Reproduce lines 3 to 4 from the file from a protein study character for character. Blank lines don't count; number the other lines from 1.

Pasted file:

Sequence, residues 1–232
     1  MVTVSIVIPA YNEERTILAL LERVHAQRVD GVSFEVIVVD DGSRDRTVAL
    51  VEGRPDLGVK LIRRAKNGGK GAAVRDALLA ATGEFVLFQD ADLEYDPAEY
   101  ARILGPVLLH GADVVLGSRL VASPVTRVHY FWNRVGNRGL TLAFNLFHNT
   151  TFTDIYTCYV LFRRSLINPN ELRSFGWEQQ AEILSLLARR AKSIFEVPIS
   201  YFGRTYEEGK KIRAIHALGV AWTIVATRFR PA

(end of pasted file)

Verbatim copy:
    51  VEGRPDLGVK LIRRAKNGGK GAAVRDALLA ATGEFVLFQD ADLEYDPAEY
   101  ARILGPVLLH GADVVLGSRL VASPVTRVHY FWNRVGNRGL TLAFNLFHNT